To prospectively examine the associations of habitual calcium supplementation with cardiovascular disease (CVD) events and mortality in individuals with and without diabetes.


The main analysis included 434,374 participants from the UK Biobank. Cox proportional hazards regression models were used to estimate hazard ratios (HRs) and 95% CIs. Interactions of calcium supplement use with diabetes status were tested on multiplicative and additive scales.


Over a median follow-up of 8.1 and 11.2 years, 26,374 incident CVD events and 20,526 deaths were documented, respectively. After multivariable adjustment, habitual calcium supplementation was significantly associated with higher risks of CVD incidence (HR 1.34; 95% CI 1.14, 1.57), CVD mortality (HR 1.67; 95% CI 1.19, 2.33), and all-cause mortality (HR 1.44; 95% CI 1.20, 1.72) in participants with diabetes, whereas no significant association was observed in participants without diabetes (HR 0.97 [95% CI 0.92, 1.03] for CVD incidence; HR 1.05 [95% CI 0.90, 1.23] for CVD mortality; HR 1.02 [95% CI 0.96, 1.09] for all-cause mortality). Significant multiplicative and additive interactions were found between habitual calcium supplementation and diabetes status on risks of CVD events and mortality (all Pinteraction < 0.05). In contrast, no significant interactions were observed between dietary or serum calcium and diabetes status.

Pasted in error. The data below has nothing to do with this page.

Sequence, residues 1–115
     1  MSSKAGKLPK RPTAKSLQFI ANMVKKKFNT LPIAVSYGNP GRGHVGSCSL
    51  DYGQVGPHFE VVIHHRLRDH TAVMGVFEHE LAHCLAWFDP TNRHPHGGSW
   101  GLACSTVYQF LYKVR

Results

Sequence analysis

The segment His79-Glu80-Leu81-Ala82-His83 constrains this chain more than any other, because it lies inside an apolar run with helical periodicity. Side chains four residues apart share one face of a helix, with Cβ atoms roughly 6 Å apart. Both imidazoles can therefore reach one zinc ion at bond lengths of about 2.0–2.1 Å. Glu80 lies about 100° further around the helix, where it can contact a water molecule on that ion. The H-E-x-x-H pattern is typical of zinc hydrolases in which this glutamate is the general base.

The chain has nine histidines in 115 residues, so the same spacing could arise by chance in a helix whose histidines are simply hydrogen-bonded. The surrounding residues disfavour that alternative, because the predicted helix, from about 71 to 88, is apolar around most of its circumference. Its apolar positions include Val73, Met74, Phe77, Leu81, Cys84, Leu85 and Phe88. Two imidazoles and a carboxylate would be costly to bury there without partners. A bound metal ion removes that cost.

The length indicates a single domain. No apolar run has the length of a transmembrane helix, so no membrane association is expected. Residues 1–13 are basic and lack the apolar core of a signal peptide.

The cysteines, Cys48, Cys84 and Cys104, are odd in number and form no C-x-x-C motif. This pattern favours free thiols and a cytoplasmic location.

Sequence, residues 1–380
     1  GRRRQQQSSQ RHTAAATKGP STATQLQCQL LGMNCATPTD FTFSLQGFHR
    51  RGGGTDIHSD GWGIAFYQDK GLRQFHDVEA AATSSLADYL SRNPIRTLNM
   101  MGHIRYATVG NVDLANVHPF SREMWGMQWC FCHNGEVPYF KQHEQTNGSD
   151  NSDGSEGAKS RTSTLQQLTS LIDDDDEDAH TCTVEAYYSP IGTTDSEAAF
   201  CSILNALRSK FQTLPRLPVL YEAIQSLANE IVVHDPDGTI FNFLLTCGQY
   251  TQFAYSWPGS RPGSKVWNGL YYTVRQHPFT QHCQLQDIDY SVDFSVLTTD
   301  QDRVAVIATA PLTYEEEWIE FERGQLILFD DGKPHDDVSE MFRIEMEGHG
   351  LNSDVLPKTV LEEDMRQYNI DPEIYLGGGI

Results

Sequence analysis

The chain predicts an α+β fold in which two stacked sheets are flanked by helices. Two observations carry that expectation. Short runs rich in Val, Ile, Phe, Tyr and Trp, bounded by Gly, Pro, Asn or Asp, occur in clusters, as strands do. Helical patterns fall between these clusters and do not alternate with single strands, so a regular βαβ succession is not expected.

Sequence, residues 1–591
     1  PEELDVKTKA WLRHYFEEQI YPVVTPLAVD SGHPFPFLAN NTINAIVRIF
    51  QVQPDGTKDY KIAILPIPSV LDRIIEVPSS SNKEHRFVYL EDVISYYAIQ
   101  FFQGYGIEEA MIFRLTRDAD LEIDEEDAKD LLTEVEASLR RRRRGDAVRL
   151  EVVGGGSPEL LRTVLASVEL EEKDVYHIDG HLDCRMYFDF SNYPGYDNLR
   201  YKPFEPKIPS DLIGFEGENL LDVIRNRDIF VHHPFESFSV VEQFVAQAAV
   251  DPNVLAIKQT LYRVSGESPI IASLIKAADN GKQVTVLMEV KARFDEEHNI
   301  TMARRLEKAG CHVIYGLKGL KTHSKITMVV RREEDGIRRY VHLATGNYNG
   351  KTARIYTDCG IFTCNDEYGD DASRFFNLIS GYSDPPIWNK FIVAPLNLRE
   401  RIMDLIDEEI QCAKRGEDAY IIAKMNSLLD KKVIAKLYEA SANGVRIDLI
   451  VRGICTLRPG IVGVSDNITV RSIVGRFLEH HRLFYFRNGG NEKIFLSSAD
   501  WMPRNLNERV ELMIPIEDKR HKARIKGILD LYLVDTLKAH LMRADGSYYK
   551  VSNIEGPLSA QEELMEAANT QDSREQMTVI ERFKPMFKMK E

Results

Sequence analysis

Habitual use of calcium supplements was significantly associated with higher risk of CVD events and mortality in people with diabetes but not in people without diabetes. Further studies are needed to balance potentially adverse effects of calcium supplement against likely benefits, particularly among patients with diabetes.

This article contains supplementary material online at https://doi.org/10.2337/figshare.22410094.

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